The pH of the colonic lumen varies with anatomical site and microbial fermentation of dietary residue. We have investigated the impact of mildly acidic pH, which occurs in the proximal colon, on the growth of different species of human colonic bacteria in pure culture and in the complete microbial community. Growth was determined for 33 representative human colonic bacteria at three initial pH values (approximately 5.5, 6.2 and 6.7) in anaerobic YCFA medium, which includes a mixture of short-chain fatty acids (SCFA) with 0.2% glucose as energy source. Representatives of all eight Bacteroides species tested grew poorly at pH 5.5, as did Escherichia coli, whereas 19 of the 23 gram-positive anaerobes tested gave growth rates at pH 5.5 that were at least 50% of those at pH 6.7. Growth inhibition of B. thetaiotaomicron at pH 5.5 was increased by the presence of the SCFA mix (33 mM acetate, 9 mM propionate and 1 mM each of iso-valerate, valerate and iso-butyrate). Analysis of amplified 16S rRNA sequences demonstrated a major pH-driven shift within a human faecal bacterial community in a continuous flow fermentor. Bacteroides spp. accounted for 27% of 16S rRNA sequences detected at pH 5.5, but 86% of sequences at pH 6.7. Conversely, butyrate-producing gram-positive bacteria related to Eubacterium rectale represented 50% of all 16S rRNA sequences at pH 5.5, but were not detected at pH 6.7. Inhibition of the growth of a major group of gram-negative bacteria at mildly acidic pH apparently creates niches that can be exploited by more low pH-tolerant microorganisms. PMID:19397676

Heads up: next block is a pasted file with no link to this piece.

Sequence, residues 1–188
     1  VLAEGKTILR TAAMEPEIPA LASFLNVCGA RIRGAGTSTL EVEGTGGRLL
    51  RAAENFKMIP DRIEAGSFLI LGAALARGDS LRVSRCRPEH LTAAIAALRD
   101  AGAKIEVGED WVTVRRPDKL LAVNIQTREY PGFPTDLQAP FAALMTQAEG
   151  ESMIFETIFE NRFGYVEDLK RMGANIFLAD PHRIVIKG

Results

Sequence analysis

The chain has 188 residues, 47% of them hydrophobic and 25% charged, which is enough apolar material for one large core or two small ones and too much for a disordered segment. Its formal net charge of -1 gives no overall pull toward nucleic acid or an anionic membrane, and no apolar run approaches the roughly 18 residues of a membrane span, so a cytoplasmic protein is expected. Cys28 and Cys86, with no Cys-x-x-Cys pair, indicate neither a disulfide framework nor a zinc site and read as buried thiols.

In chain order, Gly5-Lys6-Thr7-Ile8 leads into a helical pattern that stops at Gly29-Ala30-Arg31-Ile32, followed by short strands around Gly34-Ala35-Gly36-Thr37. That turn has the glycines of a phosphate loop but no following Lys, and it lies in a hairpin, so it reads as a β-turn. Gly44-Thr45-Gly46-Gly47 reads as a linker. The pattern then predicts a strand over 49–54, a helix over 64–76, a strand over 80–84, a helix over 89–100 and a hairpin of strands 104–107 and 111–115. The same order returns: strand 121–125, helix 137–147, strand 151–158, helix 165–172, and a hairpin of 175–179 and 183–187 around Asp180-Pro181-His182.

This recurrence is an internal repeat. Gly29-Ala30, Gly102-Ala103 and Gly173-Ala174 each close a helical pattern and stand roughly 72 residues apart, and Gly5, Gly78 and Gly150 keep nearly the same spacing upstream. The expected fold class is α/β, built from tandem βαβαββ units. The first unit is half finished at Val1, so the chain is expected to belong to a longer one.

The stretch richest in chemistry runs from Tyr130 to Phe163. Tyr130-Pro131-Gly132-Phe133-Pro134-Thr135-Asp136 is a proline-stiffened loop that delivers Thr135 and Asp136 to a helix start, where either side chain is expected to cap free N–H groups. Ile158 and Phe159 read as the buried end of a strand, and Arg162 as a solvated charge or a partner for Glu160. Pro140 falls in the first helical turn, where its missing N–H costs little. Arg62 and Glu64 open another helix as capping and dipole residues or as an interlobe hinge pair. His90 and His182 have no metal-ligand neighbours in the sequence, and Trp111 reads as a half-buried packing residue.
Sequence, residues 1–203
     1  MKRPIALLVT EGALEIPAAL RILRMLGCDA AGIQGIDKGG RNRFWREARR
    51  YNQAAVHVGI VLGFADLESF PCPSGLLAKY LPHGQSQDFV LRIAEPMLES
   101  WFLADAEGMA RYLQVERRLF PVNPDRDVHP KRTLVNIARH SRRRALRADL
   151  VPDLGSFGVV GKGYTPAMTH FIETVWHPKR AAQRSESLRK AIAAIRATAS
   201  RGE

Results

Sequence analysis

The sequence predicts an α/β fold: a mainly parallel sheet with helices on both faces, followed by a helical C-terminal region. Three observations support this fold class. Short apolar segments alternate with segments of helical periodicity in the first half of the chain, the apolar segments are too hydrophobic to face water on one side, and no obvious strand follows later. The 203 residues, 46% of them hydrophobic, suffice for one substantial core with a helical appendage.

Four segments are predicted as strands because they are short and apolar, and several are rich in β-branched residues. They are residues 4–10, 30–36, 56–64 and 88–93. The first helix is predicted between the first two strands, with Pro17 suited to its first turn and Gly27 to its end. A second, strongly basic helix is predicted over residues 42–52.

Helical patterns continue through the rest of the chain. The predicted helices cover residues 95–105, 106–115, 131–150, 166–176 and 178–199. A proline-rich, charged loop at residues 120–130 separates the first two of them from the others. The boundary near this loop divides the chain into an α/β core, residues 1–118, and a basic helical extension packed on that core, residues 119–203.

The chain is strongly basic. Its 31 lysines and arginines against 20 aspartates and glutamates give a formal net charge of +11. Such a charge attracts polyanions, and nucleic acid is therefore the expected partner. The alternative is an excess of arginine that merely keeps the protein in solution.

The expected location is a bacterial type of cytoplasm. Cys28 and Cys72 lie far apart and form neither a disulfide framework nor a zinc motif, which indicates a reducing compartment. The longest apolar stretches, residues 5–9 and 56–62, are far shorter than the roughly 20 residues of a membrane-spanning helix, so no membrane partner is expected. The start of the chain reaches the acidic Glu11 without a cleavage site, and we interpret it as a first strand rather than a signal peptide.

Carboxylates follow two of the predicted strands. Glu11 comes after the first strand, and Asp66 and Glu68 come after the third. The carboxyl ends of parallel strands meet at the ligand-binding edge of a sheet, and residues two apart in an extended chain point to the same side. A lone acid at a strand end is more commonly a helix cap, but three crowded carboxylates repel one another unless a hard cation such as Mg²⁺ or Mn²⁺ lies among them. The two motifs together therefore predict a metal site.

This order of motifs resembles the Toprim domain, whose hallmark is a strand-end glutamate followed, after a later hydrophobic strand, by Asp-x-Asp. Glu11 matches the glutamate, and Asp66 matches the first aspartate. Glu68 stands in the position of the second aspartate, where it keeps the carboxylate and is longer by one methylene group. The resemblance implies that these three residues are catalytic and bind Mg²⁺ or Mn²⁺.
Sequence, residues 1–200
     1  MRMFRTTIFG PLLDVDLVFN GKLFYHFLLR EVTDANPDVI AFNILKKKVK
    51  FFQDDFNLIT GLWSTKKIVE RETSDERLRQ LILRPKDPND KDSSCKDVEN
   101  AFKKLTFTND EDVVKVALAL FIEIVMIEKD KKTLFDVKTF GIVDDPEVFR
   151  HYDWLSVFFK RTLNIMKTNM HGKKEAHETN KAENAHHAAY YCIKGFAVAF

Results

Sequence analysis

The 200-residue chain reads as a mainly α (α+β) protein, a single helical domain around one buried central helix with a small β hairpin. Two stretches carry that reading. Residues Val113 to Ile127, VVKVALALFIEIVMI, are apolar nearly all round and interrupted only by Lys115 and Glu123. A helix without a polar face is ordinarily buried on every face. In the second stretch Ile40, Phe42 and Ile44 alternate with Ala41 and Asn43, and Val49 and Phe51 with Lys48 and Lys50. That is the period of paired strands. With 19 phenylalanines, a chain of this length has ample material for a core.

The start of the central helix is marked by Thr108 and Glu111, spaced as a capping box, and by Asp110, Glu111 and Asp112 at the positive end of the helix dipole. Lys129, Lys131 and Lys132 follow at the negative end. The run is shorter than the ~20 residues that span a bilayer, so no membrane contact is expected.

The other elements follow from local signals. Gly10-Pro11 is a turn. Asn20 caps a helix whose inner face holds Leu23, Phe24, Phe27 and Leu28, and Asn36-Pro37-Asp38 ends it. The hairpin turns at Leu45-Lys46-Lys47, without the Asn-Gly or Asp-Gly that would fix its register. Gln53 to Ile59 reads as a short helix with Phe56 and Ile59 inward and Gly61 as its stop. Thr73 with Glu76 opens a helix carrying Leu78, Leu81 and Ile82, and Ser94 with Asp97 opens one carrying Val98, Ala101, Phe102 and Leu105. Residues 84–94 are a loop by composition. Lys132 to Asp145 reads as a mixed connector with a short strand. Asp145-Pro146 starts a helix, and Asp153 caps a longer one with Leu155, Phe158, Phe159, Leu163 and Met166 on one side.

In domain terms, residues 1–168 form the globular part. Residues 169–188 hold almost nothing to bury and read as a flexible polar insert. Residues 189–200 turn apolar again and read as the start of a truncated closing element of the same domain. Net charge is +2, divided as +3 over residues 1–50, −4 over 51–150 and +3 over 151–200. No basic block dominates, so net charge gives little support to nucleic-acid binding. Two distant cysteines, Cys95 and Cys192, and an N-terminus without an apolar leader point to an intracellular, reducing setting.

3. The influence of calcium and pH on growth in primary roots of Zea mays

    NASA Technical Reports Server (NTRS)

    Hasenstein, K. H.; Evans, M. L.

    1988-01-01